Tampering with Part D will not solve our debt crisis

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Given the current climate and the debate over the debt limit, reform of Medicare--which faces a significant fiscal crisis--is inevitable. Anticipating these changes, the White House and key Democratic leaders in Congress recently introduced the "Medicare Drug Savings Act of 2011" as a means of saving $112 billion over the next decade by reducing spending on Medicare Part D-the prescription drug program for seniors. Based on the presumption that manufacturers are making extraordinary profits from the government, the proposed legislation would mandate that drug companies give the federal government rebates for low-income seniors enrolled in Medicare Part D.

Under the proposed legislation, AEI's Joseph Antos, a former Congressional Budget Office official, and Guy King, a former chief actuary for Medicare, find that:

  1. Many Medicare Part D plans could change significantly by restricting their benefits or taking other actions that disproportionally affect the most vulnerable seniors.
  2. Premiums for seniors would be likely to increase, with the strongest impact borne by low-income seniors who are likely to be displaced from their current Part D plans unless they pay more.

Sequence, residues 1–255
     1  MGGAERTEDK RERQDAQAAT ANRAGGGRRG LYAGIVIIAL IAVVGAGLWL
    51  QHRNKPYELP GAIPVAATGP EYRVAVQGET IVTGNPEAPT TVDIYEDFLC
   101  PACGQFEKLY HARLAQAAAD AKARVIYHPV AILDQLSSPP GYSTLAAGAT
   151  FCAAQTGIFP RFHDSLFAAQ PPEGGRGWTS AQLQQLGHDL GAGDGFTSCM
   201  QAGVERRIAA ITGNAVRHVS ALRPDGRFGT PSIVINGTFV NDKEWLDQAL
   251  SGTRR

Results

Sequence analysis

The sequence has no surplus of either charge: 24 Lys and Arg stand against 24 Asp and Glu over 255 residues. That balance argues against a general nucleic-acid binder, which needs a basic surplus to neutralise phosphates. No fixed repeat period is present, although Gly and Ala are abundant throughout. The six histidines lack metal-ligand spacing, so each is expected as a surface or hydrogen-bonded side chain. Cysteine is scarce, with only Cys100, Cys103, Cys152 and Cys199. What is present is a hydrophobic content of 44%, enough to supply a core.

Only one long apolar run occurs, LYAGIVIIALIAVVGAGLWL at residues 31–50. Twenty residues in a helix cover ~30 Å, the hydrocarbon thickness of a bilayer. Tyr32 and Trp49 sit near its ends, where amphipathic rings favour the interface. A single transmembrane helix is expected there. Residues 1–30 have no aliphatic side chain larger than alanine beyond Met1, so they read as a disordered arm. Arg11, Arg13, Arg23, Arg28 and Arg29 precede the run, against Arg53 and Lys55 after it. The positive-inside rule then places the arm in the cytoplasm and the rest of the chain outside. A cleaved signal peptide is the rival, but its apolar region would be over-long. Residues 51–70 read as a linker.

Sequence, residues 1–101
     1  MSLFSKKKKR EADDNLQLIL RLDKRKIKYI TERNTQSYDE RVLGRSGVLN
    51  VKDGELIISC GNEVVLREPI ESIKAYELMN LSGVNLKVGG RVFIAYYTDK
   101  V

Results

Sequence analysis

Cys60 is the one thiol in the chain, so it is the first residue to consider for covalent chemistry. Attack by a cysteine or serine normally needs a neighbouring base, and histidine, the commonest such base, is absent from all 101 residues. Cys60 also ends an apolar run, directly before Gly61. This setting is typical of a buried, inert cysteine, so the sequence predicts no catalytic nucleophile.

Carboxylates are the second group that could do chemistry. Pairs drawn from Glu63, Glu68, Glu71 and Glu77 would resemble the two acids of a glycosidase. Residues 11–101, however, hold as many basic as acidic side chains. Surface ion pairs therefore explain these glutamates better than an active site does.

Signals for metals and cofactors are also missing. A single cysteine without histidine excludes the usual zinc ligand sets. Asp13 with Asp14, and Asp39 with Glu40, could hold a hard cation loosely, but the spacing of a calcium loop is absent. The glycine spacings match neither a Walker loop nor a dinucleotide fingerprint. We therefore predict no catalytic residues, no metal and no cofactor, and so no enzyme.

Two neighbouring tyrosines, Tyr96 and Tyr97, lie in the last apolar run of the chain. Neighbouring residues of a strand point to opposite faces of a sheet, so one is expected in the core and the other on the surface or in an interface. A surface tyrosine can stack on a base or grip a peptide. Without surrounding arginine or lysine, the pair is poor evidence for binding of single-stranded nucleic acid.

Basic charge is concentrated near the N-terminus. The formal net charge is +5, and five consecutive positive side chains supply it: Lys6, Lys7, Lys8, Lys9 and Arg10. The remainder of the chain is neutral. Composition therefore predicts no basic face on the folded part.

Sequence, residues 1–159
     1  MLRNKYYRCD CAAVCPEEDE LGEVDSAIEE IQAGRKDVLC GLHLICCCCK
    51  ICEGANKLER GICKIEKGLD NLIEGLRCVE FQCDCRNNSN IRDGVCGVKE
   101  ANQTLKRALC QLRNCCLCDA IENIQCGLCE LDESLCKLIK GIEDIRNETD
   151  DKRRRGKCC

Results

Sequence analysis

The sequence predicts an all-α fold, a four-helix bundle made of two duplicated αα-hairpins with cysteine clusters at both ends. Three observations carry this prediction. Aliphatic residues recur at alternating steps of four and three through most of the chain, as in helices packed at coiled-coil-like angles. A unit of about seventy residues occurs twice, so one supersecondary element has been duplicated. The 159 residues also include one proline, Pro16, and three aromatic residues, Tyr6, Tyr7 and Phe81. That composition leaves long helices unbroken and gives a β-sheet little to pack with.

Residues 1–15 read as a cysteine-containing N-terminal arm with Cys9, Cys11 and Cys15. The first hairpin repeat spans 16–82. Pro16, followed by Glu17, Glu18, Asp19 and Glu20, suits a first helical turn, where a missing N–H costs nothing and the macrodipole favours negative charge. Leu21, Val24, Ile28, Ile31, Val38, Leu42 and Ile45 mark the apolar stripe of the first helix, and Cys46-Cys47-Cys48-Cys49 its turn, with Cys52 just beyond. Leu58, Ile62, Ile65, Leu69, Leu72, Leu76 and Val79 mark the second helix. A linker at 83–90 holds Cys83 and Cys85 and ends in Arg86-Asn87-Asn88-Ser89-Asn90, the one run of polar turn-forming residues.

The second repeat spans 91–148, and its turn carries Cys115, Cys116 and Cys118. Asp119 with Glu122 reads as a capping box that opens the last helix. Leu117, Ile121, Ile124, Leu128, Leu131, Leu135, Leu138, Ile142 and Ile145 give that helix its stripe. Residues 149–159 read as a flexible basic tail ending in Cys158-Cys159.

3. Government spending on Medicare as a whole is likely to increase, offsetting savings to the federal budget.

 

Joseph Antos is the Wilson H. Taylor Scholar in Health Care and Retirement Policy at AEI. Guy King is an independent actuary and former chief actuary for Medicare and Medicaid.

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About the Author

 

Joseph
Antos
  • Joseph Antos is the Wilson H. Taylor Scholar in Health Care and Retirement Policy at the American Enterprise Institute (AEI), where his research focuses on the economics of health policy — including the Affordable Care Act, Medicare, the uninsured, and the overall reform of the health care system and its financing. He also studies the impact of health care expenditures on federal budget policy.

    Before joining AEI, Antos was assistant director for health and human resources at the Congressional Budget Office (CBO). He has also held senior positions in the US Department of Health and Human Services, the Office of Management and Budget, and the President’s Council of Economic Advisers. He recently completed a seven-year term as health adviser to CBO, and two terms as a commissioner of the Maryland Health Services Cost Review Commission. In 2013, he was also named adjunct associate professor of emergency medicine at George Washington University.

    Antos has a Ph.D. and an M.A. in economics from the University of Rochester and a B.A. in mathematics from Cornell University.



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  • Phone: 202-862-5938
    Email: jantos@aei.org
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